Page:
Bicyclists trying to get legally from one side of Central Park to the other have long faced a challenge: because the park’s pedestrian paths are closed to cyclists, they have to either ride the looping vehicular drive south and then head north again. Now, in an experiment hatched by the Central Park Conservancy and the city’s Department of Parks and Recreation cyclists will be permitted to share with amblers and dog walkers one of two crosstown paths as long as they ride slowly. Really slowly. Like five miles an hour. Given the state of New York City’s bike wars, the announcement of the plan has stirred fierce debate. It is being hailed by bicyclists and pro-cycling organizations and denounced by anti-bike forces, particularly on the Upper East Side, where some residents fear collisions. The Upper West Side may indeed be more bike friendly, with several members of the pro-biking group Transportation Alternatives also being on the community board. By contrast a leader of the Defenders of the Historic Upper East Side, said, “We have an older population in Community Board 8 and they complain they’re already terrified by the population of bicyclists going in the opposite direction on one-way streets.” Read more in NYT.

Friday, July 8, 2011

Sustainable Mobility Plans for Oxford

OXFORD is to trial its own “Boris Bikes” cycle hire scheme in the hope it will be rolled out in a city-wide scheme. Visitors to Thornhill Park and Ride will be able to park up and hire a bicycle under the plans, which mirror a scheme introduced by Mayor of London Boris Johnson. Oxfordshire County Council chiefs say the trial will go to the city’s four other park and rides if successful. It is part of a Government cash boost that has also given the green light to a 500 space expansion of 850-space London Road park and ride for 2013. Two new buses will also connect it to hospital sites and the city centre. The £3.5m plans were hailed as a key move towards cutting congestion and street parking, particularly among Oxford Brookes University and hospital workers. Rodney Rose, cabinet member for transport at Oxfordshire County Council, said of the bike scheme: “It will be so much quicker for workers to get to work that way and relieve congestion for everybody else.” The news was welcomed by residents, who said park and ride users often leave their cars across her drive and on grass verges: “If it has the desired affect then I will welcome it with open arms. The idea of supplying bikes is absolutely brilliant.”Read on in The Oxford Mail.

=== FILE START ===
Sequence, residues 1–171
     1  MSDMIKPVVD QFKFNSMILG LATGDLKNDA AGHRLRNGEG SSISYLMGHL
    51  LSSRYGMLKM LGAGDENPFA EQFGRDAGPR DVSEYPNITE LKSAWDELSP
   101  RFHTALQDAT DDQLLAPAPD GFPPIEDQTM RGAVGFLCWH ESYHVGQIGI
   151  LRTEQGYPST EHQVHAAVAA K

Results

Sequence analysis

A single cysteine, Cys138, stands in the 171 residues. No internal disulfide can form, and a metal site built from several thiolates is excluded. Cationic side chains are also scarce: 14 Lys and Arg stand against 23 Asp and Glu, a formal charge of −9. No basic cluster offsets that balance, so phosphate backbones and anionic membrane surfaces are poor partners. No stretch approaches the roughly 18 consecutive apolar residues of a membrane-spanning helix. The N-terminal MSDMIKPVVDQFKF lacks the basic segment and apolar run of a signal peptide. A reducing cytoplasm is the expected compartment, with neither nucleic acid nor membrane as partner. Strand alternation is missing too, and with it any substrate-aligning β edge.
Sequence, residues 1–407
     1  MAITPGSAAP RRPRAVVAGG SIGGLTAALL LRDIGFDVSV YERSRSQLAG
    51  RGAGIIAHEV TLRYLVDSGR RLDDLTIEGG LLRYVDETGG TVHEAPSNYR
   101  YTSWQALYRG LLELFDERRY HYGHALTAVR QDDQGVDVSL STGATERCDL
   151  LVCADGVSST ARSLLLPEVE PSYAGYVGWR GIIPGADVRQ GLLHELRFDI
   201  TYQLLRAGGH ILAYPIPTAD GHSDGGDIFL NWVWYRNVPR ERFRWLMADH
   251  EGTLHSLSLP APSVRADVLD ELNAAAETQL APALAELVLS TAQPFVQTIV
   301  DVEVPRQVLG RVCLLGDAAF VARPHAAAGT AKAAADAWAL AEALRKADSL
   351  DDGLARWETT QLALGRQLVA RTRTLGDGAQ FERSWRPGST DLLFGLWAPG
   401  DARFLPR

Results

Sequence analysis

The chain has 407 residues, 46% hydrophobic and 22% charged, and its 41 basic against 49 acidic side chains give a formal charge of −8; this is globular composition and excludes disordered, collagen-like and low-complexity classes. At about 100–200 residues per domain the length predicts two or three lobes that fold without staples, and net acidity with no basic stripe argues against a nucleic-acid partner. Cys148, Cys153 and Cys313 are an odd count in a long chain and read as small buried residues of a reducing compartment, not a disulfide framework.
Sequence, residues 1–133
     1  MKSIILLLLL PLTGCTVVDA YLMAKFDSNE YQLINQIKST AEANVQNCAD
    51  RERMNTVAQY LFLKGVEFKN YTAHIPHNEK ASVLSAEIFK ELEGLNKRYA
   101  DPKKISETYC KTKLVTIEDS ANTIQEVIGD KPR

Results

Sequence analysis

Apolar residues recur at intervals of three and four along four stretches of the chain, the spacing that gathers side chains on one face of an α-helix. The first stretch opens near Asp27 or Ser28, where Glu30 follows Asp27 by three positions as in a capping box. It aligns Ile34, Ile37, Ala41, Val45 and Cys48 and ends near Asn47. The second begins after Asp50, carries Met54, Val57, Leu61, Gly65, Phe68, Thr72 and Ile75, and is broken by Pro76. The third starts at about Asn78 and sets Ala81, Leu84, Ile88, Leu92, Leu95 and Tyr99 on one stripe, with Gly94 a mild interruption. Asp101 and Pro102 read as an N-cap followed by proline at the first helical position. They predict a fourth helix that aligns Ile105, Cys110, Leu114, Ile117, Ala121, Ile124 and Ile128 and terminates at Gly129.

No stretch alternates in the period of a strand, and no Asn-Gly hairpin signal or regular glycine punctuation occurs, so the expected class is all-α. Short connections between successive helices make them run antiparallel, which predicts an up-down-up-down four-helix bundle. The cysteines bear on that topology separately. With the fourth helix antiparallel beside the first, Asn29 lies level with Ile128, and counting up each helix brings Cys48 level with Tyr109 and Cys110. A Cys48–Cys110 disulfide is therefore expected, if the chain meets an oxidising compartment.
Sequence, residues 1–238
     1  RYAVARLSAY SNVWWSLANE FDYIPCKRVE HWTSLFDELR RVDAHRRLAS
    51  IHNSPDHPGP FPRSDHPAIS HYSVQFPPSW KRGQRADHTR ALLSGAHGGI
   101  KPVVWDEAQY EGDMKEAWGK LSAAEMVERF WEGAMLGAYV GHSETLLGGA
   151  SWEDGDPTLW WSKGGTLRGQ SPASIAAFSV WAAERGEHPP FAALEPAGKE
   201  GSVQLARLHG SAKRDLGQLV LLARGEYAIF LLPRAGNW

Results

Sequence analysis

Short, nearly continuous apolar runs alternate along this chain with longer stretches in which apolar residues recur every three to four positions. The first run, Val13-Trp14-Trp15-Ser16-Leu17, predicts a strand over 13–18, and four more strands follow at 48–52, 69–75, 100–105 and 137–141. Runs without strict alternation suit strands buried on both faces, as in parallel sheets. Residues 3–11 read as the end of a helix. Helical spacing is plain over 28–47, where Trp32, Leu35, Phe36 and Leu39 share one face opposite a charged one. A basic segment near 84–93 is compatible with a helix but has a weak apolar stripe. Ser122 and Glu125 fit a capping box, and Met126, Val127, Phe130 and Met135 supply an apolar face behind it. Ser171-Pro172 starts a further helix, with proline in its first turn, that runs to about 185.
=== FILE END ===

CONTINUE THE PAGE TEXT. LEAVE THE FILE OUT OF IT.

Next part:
Wednesday, July 6, 2011

Life without cars?

While American cities are synchronizing green lights to improve traffic flow and offering apps to help drivers find parking, many European cities are doing the opposite: creating environments openly hostile to cars. The methods vary, but the mission is clear — to make car use expensive and just plain miserable enough to tilt drivers toward more environmentally friendly modes of transportation. Cities including Vienna to Munich and Copenhagen have closed vast swaths of streets to car traffic. Barcelona and Paris have had car lanes eroded by popular bike-sharing programs. Drivers in London and Stockholm pay hefty congestion charges just for entering the heart of the city. And over the past two years, dozens of German cities have joined a national network of “environmental zones” where only cars with low carbon dioxide emissions may enter. Like-minded cities welcome new shopping malls and apartment buildings but severely restrict the allowable number of parking spaces. While some American cities — notably San Francisco, which has “pedestrianized” parts of Market Street — have made similar efforts, they are still the exception in the United States, where it has been difficult to get people to imagine a life where cars are not entrenched. Read on in NYT.